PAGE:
I know a lot of guys on AoM had either a bad or no relationship with their dads. I was one of the fortunate ones. My dad is a hard worker, in a long line of hard workers.
I've been taking an inventory of all the things he taught me as a kid and came up with this abridged list:
1. Saturday mornings are for doing chores. You can hang out with your friends in the afternoon but Saturday morning we work together around the house.
2. You learn by doing and you learn the right way of doing a thing by doing it right. When you paint, you hold the brush THIS way because it's the right way.
3. Keep your tools in good, serviceable condition. A place for everything and everything in it's place. (As an aircraft mechanic, he had tons of tools and could put his hand on any one of them at a moment's notice.)
4. If you have nothing else to do, you can always clean. Whether it was raking the yard or scrubbing floors with a G.I. brush, he knew how to stay busy. Don't stand there - find something you can do.
5. Always be prepared to help others. I can't tell how many times he stopped to help a lady change a tire. Sometimes he was on the way to a speaking engagement and could have sluffed it off but he'd pull his overalls out of the trunk of his car and get busy.
What did you learn from your dad or what do you think is important for us to teach to the generation that we're responsible for mentoring (either kids or other family members)?
I had a great relationship with my Dad, He was a great guy.
Eat well, work well.
If a jobs worth doing, its worth doing well.
Always be in control of yourself.
Always be prepared to do anything, really anything, cos everything haas to be done.
Both of those are amazing lessons, every father should teach their son something similar. And thankfully, mine has.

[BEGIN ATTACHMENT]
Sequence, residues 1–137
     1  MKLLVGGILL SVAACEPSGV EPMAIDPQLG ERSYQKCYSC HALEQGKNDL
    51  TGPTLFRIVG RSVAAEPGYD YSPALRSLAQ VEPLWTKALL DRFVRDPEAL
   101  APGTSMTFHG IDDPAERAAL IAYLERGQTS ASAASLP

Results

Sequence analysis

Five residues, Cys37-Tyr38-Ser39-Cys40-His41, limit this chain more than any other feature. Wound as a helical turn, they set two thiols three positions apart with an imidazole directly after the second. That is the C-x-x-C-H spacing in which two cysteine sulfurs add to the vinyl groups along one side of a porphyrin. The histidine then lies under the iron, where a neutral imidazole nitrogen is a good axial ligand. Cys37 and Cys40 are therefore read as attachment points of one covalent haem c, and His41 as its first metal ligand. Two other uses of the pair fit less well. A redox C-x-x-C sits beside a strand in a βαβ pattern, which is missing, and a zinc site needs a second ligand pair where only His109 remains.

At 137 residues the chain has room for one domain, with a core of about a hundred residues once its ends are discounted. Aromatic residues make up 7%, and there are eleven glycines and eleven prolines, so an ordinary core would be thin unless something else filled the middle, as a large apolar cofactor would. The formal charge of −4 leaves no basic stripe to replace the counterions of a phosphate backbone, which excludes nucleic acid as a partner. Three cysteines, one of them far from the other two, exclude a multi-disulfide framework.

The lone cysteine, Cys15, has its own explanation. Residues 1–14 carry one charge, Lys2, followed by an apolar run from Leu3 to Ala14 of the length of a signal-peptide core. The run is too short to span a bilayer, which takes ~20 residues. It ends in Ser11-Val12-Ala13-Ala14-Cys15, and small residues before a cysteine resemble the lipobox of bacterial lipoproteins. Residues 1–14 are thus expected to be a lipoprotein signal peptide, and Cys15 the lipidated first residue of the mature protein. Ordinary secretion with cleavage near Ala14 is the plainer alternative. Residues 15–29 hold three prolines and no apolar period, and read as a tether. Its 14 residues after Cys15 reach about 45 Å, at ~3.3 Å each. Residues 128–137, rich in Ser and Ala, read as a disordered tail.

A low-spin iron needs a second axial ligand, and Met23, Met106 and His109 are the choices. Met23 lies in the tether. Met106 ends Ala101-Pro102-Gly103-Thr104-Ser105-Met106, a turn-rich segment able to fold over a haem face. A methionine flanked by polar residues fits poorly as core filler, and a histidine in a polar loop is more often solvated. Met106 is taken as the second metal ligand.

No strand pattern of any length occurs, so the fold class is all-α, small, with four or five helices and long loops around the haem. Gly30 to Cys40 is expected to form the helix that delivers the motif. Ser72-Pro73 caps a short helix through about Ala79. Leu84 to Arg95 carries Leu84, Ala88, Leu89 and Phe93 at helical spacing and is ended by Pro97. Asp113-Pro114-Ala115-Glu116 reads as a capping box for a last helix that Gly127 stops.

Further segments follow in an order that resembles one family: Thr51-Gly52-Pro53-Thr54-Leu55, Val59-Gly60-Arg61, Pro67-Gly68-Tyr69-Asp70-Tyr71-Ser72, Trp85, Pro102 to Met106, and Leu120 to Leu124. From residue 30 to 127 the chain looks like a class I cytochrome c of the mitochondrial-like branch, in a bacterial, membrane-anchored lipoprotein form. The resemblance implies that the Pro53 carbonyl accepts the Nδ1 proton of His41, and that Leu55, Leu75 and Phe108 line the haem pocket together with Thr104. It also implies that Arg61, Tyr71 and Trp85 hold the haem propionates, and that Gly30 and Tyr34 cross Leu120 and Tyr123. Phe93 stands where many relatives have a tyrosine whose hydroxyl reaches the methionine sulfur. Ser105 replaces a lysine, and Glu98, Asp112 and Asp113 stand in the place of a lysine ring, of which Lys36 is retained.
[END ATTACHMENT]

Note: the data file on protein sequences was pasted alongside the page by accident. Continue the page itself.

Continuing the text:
My father taught me to always have a reason for doing something, be it work or school. Study hard so you can one day do what you love, and work hard to provide for your family. The latter, my father does very well and I hope that I can one day provide for and teach my children as well as he has me.
My father has taught me that life isn't pretty, it's not a movie, and it probably won't go your way, and it'll stay lousy until you get off your ass and make something of yourself.
He lost his job after 9/11. He is a pilot and had been flying for 15 years. When he lost his job, he had an two children and a wife to feed, a luxurious house that now he couldn't pay for, and his side of the family started excommunicating family members. I'm surprised he didn't verge on suicide, because I see that as hitting rock bottom. He's a family man, I don't think much more could bother him than his family fighting and having no apparent way to feed his kids.
He didn't whine a minute. He called his friends, asked for help, and sold mortgages until one of his best friends offered him a flying job. Now he's a Check Airmen, has been offered multiple times to be a Fleet Captain at his new flying job, and is making four times more what he ever did.
Yeah, he spent a lot of time from home, worked for days on end with no sleep, and had to work a job he knew nothing about for a while, but he got himself back on top and then some. Only until recently have I realized how hard he worked.
Doing nothing is the worst thing you could ever do , I'm honored to be his son.
My dad and I jsut started to get a good father-son realtionship back in order but my grandfather taught me many lessons here are a few
1. I don't give a no s**t and I don't take a no s**T
2. work continueously and trust only yourself in that
3. always protect your family no matter what